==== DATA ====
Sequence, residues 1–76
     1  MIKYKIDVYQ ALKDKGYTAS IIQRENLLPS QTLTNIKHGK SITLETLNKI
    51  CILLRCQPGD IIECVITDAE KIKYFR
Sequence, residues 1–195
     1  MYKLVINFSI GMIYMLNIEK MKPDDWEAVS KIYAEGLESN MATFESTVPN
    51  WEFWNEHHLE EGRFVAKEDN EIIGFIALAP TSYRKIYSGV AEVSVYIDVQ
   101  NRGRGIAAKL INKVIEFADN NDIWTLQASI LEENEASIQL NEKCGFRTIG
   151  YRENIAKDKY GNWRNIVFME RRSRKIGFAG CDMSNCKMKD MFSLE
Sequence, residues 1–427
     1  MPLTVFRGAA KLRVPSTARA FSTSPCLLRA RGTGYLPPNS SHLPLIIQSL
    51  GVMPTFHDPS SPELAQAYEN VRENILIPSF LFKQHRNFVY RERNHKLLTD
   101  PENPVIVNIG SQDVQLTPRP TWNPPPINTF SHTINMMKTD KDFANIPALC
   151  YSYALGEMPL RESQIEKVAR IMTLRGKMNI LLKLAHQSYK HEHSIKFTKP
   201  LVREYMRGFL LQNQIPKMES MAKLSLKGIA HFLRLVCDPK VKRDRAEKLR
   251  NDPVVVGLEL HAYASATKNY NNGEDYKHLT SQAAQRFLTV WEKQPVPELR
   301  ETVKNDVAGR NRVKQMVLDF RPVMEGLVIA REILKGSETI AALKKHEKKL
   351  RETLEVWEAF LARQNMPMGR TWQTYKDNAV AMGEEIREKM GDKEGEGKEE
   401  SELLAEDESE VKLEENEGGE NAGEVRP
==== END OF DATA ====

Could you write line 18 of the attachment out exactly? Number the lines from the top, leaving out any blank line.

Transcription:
   401  SELLAEDESE VKLEENEGGE NAGEVRP